According to boffins, Leonardo Da Vinci's Mona Lisa is both smiling and not smiling, depending on what cells in the retina pick up the image and what channel the image is transmitted through in the brain.
"Sometimes one channel wins over the other, and you see the smile, sometimes others take over and you don't see the smile," says Luis Martinez Otero, a neuroscientist at Institute of Neuroscience in Alicante, Spain, who conducted the study along with Diego Alonso Pablos.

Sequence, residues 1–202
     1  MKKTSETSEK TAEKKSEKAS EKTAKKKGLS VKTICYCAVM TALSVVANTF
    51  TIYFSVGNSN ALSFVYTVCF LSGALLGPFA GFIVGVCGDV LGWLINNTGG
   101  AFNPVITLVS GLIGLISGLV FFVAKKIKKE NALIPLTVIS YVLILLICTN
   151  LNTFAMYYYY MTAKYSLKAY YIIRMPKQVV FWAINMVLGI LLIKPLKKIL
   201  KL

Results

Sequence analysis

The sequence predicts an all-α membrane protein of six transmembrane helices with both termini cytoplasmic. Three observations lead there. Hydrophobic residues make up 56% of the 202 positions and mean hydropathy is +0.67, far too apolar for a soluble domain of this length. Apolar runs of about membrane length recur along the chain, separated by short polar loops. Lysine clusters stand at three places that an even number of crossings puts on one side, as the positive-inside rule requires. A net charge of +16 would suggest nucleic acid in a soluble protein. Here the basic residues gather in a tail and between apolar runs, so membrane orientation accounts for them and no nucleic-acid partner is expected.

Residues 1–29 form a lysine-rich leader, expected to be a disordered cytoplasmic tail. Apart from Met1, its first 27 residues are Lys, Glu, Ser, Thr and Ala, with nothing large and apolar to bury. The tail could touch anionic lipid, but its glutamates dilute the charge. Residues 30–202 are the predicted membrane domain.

To reach the conclusion, scientists used software to track 20 volunteers, reports New Scientist.
The research also showed that Leonardo Da Vinci intentionally tried to capture both views.
The finding was presented at the Society for Neuroscience's annual meeting in Chicago this week.